My team-ups with heroes from the past weren't without their shortcomings. Using old save files to warp to the future sometimes yielded spoilers and confusion. Take my borrowed save file for Secret of Mana as an example: I'd gained the ability to soar through happy blue skies on the back of a white dragon in my own playthrough, but when I opened the save file, I discovered a world on the verge of apocalypse. I had no idea what events had placed the world in dire straits, though at least I had enough sense to say "Well, I guess I need to fix this." And I did.
Peeking at Final Fantasy 6's end game save file was even more baffling—almost to the point of being paralyzing. My own playthrough only took me partway through the World of Balance, where a power-hungry Empire encroached on an otherwise green world. I loaded the save file and was introduced face-first to the World of Ruin, a wildly altered landscape with red skies, poisoned seas, and few familiar landmarks.
"Well," I said, "I guess I need to fix this." I didn't even come close. I had no idea where to go, or what to do, and I got the impression that "The Literal End of the World" wasn't a plot thread I could fill in without seeing Armageddon for myself. That's when I decided Final Fantasy 6 was a must-buy, price be damned. I was ready to perform wetwork to get my hands on the game.
Ultimately, nobody died for my copy of Final Fantasy 6. (That you know of.) I did odd jobs and successfully saved up, minus an incident or two when my little brother found my cash stash and "borrowed" a few bucks for cigarettes. Without exaggeration, Final Fantasy 6 wound up being one of the most important purchases of my life. It inspired me to find my way online, meet more fans, and write for them. I might not have ever made it without the intrigue that visited me after peeking at the save file of the nameless RPG fan who'd forged a path for me in the cartridge's save battery.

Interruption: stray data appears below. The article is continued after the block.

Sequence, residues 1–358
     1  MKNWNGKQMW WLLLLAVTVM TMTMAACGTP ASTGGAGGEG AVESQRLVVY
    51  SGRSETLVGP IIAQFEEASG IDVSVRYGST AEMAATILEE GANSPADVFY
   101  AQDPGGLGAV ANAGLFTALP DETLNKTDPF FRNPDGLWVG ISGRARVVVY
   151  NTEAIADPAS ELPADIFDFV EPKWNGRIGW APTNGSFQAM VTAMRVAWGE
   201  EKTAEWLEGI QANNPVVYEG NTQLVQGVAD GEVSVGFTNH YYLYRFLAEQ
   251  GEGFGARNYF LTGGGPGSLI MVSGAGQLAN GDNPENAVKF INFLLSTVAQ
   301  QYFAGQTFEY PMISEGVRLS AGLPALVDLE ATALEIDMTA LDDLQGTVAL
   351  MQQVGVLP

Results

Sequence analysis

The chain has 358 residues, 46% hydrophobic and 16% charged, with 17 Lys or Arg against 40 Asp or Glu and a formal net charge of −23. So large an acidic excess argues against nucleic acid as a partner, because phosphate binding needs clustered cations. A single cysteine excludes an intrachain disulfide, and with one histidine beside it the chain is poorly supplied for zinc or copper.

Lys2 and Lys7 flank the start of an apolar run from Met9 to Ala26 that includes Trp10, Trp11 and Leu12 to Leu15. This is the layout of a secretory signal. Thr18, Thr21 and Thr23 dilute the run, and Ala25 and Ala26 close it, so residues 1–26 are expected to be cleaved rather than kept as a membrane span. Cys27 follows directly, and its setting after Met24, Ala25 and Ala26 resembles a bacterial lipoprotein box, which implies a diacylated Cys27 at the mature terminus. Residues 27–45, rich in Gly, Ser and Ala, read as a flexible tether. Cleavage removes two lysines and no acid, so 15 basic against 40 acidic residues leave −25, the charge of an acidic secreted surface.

I think the mere existence of those near finished save files was a sign of deep solidarity between those of us who rented RPGs. No matter which RPG I rented, there was always one file, usually the first file, that served as a portal to the endgame. We only added to those files; we never erased them. We knew how important they were, even though we couldn't tell each other. We just understood.
Today, connecting with RPG fans is easy. You can high-five a stranger in an MMORPG. You can find a kindred soul on Twitter, Facebook, or in the comment section of an article. You can listen to RPG-centric podcasts. I acknowledge I'm spoiled beyond belief, and I've no desire to trade the convenience of modern fandom for the vague, scattered salutations that were the norm in the '90s. Still, I look back on those days fondly. The drives to the video store, the challenge to get through an RPG within a week, and then turning to an old save file to glimpse at what awaited me. It was reassuring to know someone out there cared about RPGs as much as I did, even if I'd never meet them.